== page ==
Thyssenkrupp Chairman Quitting Adds to German Firm's Turmoil
(Bloomberg) -- Thyssenkrupp AG Chairman Ulrich Lehner resigned, adding to upheaval at the top of the German engineering conglomerate after the chief executive officer quit less than two weeks ago under pressure from disgruntled shareholders.
Lehner decided to leave after realizing he no longer had the confidence of major shareholders or the supervisory board, according to a statement on Monday.
His resignation compounds a leadership vacuum at Thyssenkrupp after CEO Heinrich Hiesinger unexpectedly quit on July 5. The company has faced anger from activist investors including Elliott Management Corp. to transform the sprawling steel-to-submarines business into a higher-value industrial services company.
Analysts at JP Morgan said the latest departure will fuel hopes that the restructuring of Thyssenkrupp can progress faster than it did under Lehner and Hiesinger.
“Lehner had been one of the most vocal naysayers around a potential breakup, thus, if anything, this is likely to reinvigorate, rather than dampen, hopes that this will now be the course for Thyssenkrupp,” the analysts said in a note Monday.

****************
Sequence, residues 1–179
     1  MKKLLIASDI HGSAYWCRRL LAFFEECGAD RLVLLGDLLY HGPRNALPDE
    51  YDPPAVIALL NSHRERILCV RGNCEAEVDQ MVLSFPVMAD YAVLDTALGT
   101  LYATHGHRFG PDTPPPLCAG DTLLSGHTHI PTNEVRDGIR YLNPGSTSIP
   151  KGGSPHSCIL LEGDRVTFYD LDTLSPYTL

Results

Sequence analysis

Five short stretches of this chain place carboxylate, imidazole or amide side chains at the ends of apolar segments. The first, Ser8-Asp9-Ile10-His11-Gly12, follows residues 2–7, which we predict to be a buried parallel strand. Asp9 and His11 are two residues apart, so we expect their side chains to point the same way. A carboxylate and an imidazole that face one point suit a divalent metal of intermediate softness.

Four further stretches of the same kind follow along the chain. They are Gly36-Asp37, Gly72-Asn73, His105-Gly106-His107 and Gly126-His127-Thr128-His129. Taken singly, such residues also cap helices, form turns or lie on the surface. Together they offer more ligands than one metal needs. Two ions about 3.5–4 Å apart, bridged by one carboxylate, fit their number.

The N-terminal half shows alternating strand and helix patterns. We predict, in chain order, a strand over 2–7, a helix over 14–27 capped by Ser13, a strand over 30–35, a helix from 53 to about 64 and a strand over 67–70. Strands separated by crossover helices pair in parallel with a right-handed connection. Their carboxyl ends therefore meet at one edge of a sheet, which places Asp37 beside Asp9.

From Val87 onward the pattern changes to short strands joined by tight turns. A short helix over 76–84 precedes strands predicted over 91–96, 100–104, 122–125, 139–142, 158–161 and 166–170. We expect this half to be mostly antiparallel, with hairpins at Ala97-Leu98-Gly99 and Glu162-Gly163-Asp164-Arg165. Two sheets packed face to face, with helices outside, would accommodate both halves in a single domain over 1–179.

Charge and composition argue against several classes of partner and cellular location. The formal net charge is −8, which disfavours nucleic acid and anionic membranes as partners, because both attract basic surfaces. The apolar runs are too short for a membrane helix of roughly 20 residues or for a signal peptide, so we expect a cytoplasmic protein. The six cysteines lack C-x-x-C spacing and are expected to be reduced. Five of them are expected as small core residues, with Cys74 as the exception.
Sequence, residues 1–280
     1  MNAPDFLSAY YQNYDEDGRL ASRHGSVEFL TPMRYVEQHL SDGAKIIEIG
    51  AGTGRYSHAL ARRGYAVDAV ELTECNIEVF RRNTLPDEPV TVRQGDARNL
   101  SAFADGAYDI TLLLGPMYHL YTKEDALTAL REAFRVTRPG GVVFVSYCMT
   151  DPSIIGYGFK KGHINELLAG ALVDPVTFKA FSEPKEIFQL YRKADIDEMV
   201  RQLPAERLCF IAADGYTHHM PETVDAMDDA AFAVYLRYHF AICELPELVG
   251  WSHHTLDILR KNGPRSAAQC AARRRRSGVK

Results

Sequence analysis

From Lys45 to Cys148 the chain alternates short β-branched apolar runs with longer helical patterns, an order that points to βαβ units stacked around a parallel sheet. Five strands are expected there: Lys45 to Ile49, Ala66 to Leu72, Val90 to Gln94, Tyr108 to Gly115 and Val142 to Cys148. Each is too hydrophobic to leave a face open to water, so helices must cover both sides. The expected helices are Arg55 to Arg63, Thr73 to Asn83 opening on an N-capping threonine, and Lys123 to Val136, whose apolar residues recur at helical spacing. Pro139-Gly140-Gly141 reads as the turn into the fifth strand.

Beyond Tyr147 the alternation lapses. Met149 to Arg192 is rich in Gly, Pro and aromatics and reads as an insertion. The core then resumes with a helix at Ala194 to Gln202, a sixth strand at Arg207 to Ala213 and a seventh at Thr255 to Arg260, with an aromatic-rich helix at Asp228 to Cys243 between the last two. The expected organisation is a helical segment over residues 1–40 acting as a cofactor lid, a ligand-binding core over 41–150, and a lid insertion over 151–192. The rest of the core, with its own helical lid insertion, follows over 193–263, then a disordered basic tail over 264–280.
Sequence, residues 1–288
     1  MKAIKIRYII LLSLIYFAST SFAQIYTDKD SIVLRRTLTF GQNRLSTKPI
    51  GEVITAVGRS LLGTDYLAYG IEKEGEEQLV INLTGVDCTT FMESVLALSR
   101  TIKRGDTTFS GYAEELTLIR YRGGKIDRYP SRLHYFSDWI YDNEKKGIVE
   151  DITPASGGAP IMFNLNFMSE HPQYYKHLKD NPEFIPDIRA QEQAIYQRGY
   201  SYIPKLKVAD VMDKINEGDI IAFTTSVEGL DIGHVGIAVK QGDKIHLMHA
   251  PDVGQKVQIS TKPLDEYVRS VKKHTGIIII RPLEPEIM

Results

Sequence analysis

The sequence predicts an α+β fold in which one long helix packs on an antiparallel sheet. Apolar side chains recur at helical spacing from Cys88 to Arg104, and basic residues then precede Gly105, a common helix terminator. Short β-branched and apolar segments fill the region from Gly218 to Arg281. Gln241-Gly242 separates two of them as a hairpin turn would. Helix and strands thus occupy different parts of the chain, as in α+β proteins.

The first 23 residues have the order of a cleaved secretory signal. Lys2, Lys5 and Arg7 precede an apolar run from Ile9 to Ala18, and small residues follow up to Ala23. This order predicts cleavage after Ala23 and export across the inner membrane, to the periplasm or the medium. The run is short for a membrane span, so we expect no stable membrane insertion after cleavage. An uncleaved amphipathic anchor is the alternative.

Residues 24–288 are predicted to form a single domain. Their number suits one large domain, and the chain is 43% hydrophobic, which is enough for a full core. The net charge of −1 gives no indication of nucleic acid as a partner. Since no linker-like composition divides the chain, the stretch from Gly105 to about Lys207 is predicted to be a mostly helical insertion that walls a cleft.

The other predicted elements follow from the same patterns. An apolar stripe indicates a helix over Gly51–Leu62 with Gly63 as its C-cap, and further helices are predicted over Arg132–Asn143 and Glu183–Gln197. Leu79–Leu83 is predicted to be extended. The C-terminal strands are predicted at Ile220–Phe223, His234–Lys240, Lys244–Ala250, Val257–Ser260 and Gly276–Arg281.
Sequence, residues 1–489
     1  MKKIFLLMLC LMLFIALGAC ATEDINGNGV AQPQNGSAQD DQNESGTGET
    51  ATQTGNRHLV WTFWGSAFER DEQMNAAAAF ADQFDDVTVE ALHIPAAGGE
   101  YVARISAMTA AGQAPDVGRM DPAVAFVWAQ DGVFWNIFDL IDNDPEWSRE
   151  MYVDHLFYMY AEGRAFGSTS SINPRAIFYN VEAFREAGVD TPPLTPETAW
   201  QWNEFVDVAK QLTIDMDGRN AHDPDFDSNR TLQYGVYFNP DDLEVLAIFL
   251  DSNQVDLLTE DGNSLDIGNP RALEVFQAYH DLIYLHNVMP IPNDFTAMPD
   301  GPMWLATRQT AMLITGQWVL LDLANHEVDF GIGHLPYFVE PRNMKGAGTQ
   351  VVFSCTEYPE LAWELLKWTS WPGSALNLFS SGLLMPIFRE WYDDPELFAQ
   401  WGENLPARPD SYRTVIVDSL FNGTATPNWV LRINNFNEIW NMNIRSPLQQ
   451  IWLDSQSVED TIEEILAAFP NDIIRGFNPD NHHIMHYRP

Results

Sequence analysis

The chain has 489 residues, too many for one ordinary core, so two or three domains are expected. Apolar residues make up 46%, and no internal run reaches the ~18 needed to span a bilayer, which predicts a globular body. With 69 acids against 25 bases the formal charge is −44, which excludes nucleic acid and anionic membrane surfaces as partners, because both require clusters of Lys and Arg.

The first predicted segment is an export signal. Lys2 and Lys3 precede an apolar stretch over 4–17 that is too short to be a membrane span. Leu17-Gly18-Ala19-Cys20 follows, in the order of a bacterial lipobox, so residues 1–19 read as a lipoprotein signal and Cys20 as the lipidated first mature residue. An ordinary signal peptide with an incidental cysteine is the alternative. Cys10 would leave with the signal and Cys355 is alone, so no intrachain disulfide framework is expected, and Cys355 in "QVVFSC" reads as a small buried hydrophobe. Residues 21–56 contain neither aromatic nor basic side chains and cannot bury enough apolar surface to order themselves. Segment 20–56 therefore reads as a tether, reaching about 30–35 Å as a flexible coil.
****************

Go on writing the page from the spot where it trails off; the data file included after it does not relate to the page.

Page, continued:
The Essen-based company’s shares gained as much as 4.4 percent and traded 3.8 percent higher at 21.39 euros as of 9:05 a.m. in Frankfurt. The stock has declined 11 percent this year, valuing Thyssenkrupp at 13.4 billion euros ($15.7 billion).
At the recent meeting to sign off on a deal with Tata Steel Ltd., Lehner clashed with fellow board member Ursula Gather, head of the company’s largest shareholder, the Alfried Krupp von Bohlen und Halbach foundation, because she suggested the company mull other options and reconsider the terms of the steel joint venture, according to people familiar with the matter.
Last week, Lehner gave an interview to Germany’s Die Zeit newspaper in which he blasted investor attempts to “destabilize” the company with methods that resemble “psychological terror.”
“My decision may contribute to creating the necessary awareness with all concerned parties that a breakup of the company and the related loss of many jobs is not an option – neither in the interest of the founder, nor in the interest of the country,” Lehner said in Monday’s statement.
Lehner, who became chairman in 2013, will step down from the supervisory board as of July 31 and the board plans to name a successor shortly. Last week, Thyssenkrupp named Guido Kerkhoff as interim CEO while it searches for a new leader.
The two resignations come just weeks after Thyssenkrupp and Tata Steel finalized an agreement to set up the European steel joint venture. Large Thyssenkrupp investors, including Elliott and Cevian Capital, were unhappy with the terms of the deal, people familiar with the matter said.
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